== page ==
Professional Networking 101, Episode 2: Meeting Preparation and After Actions

In Professional Networking 101, Adam Braatz of shares insights and experiences related to professional network development — usually while traversing to/from a networking connection.

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Episode 2: Meeting Preparation and After Actions

Everyone should spend a few minutes preparing for each meeting, especially if it’s a first connection. What are best practices for preparation and after actions, and how do they translate in the meeting itself? See below for the transcription of the above video.


Hello. I’m going to tell you the best way to prepare for a networking meeting and what not to do when preparing for a networking meeting and how that applies practically within your networking connection. My name is Adam Braatz,, take a second to subscribe to this channel on YouTube so you don’t miss any great insights and videos. Now, today I’m gonna share a story with you about a connection that I had that was not a great example of the way to prepare for a meeting. And then I’m gonna give you some insights on my approach to how I prepare for a meeting and my after actions, as well, post meeting and how that applies practically, like I said, within the meeting.

So the story. A few months ago I met with a young man that had reached out to me and sought a meeting. I never turn down a meeting so I was very happy to meet with this young man. Nice guy, clearly in sales, mid-20s so moderately experienced. I think he’d been doing it for a couple of years. So we met up, we were waiting in a line to grab a coffee, we were having great small talk, he’s charming, charismatic guy so it was easy to relate to him, he listened well. And so we sat down and we were chatting and it’s very natural and then it was like you hear the record scratch sound, you know? And then the most unnatural, ungodly, forced transition from small talk to business talk. From introductory talk to getting down the business. It was so awful. He might as well have just said, “At this point, if you wouldn’t mind, “I would like to conclude the small talk portion “of this networking gathering “and proceed directly into business formalities.” Like it was awful.

And what really made it awful was he took out a book, a notebook that he had, he plopped it down on the table and he said, “Okay, here we go.” He flips to a page, he finds the page he’s looking for and there my name is at the top, handwritten, big bold letters, the name of my organization, a whole bunch of stuff about me that he found out online or on YouTube or anything like that and then a bunch of questions that he wanted to ask me. Now, I am experienced in networking, I understand that there’s resource that goes into that but even myself, even I was unsettled by seeing that. I mean, I was half flattered that he thought I was important enough to do research on. He probably didn’t really know what was going on but it was unsettling. It’s a little unnerving, it’s a little creepy to just see that written like that. That notebook should have never come out.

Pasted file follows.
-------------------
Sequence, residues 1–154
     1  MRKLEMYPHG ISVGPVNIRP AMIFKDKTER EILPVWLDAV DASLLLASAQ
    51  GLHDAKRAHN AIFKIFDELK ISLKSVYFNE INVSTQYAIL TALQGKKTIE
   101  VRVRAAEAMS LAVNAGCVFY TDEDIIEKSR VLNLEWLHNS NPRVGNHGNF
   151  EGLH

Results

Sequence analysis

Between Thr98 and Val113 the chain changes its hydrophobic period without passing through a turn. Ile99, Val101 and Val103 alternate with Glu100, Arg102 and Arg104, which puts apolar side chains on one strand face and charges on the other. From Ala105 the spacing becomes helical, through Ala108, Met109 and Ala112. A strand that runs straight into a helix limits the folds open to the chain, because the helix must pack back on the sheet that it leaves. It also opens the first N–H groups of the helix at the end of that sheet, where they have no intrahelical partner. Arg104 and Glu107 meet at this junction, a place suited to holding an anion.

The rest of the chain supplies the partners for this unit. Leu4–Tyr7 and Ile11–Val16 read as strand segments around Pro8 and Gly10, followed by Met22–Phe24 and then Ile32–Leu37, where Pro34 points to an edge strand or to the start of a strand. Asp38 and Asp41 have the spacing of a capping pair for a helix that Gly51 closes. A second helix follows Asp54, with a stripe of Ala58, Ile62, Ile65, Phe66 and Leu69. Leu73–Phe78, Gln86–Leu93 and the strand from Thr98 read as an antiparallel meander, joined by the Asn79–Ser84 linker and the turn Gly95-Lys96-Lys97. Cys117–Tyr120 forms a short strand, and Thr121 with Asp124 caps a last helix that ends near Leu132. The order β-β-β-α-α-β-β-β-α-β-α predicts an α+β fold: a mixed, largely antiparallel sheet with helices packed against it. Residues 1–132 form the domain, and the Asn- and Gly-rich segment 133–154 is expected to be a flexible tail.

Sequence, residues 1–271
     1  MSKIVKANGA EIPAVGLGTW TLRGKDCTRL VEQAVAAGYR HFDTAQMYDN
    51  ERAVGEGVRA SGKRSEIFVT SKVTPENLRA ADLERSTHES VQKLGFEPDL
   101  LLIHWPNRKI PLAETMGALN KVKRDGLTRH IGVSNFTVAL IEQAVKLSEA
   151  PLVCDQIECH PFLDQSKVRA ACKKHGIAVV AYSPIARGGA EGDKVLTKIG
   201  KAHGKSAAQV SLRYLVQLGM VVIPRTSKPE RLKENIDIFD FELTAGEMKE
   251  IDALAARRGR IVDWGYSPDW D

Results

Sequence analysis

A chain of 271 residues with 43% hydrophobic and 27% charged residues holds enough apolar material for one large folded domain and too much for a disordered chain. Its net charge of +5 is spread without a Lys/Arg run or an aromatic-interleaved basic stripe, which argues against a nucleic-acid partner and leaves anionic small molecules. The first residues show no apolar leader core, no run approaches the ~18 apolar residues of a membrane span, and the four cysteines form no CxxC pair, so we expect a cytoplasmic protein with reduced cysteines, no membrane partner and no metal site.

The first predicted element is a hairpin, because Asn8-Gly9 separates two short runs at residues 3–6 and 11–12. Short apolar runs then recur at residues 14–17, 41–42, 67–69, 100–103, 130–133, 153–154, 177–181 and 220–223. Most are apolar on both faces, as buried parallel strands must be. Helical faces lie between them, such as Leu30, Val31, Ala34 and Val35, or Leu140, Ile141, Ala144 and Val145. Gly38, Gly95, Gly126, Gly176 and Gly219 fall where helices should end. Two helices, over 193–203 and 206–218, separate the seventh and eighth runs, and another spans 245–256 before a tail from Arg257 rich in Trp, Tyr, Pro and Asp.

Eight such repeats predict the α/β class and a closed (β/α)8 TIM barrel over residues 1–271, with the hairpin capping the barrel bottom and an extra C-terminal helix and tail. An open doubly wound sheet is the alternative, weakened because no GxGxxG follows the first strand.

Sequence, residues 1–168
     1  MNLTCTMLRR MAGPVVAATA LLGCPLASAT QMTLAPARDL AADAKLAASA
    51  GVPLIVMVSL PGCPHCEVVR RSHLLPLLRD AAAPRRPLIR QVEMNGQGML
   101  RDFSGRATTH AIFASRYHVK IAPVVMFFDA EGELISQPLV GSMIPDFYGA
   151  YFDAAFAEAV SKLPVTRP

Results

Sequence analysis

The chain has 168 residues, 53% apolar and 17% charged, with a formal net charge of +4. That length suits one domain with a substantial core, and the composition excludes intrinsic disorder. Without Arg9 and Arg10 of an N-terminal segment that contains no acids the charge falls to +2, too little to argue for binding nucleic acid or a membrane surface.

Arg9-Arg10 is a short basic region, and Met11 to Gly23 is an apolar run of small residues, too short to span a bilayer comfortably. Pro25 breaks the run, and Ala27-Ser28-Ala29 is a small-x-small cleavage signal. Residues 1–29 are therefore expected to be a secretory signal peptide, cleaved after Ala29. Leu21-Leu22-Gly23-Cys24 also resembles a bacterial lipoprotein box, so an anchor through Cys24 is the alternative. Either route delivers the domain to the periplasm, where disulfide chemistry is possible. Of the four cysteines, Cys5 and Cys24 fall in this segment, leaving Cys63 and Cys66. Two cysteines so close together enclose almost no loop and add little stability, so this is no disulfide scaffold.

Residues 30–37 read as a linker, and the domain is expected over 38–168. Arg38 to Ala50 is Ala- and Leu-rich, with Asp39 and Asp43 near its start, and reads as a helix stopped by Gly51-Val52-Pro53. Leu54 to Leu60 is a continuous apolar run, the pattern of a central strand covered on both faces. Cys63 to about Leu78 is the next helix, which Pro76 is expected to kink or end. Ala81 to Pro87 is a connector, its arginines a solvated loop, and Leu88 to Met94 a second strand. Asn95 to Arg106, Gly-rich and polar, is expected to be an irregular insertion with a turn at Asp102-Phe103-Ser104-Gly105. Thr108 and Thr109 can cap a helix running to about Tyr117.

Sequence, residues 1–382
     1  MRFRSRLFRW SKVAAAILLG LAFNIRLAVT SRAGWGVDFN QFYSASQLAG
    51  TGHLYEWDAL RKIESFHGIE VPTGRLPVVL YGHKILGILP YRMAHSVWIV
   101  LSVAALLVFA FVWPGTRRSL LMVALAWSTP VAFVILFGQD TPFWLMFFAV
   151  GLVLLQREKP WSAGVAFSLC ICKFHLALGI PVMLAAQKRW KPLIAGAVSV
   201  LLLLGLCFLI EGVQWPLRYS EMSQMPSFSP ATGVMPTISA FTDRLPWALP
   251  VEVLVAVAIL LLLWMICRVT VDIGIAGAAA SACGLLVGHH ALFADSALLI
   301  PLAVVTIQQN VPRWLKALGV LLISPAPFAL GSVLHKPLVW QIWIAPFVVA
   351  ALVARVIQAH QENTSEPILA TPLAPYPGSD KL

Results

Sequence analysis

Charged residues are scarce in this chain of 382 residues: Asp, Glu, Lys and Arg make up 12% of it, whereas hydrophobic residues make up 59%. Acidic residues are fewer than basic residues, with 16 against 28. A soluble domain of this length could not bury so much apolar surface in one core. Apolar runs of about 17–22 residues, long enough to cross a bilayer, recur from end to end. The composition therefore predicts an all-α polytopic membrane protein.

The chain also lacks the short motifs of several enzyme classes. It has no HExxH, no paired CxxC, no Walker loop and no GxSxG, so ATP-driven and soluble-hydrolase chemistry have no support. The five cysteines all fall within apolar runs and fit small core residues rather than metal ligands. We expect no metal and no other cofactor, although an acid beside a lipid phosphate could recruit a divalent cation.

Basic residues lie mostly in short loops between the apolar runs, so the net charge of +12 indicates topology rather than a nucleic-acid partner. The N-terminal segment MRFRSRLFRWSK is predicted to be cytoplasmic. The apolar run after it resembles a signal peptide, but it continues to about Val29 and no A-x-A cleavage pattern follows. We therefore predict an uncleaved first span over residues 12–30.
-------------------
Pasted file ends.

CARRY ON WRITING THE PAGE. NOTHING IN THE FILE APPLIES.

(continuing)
But instantly, once that notebook was out, he was bound to it, he was tied to the questions that were in that notebook. His posture, his body language changed, he got hunch shoulder, his eyes went down to his notebook and he started asking questions robotically. And each question was unrelated to the one before, there was no natural segues or natural flow, no organic flow to a dialog whatsoever. And I was clear that when I was answering the questions, he was going through his list, thinking about what the next question was gonna be to ask me and I let him carry on, learning experience for a young man that’s probably has limited experience with networking. But it was had he gone organically and naturally and prepared by kind of doing his research, and understanding questions and things about me going into it to a level where he didn’t need to reference it, he could have gained insights from me, I could have gained insights from him, we could have had a meaningful connection that would have been mutually beneficial for the two of us. But because that didn’t happen, we just didn’t. Nothing against this guy, super nice kid, alright? So I don’t wanna make it sound like I’m slandering anybody, it’s just a different level of experience when it comes to connections like this.

Now, here’s what I do, the best practices, in my option, when it comes to preparing for a networking connection. So look online, obviously, do a Google search, see if you can find information about them. See if you can find information about them through their business page. A lot of times, especially if they work in finance or in content creation or marketing, they’ll have bios on their webpage that you can read and gain some insight, it’s stuff that they want the public to know, so you don’t have to feel creepy digging into that. Go into their LinkedIn page, take a look at their education history, their work history, but most importantly, take a look at their, if they have it listed in there, their volunteerism, alright? And their focus with charities, alright? If you really wanna understand how somebody what makes somebody tick and what’s important to them at a deep level, just look at where they volunteer and look at where their philanthropic interests lie, anything that has to do with charity or volunteerism, that’s gonna be really important for you to know going into the meeting.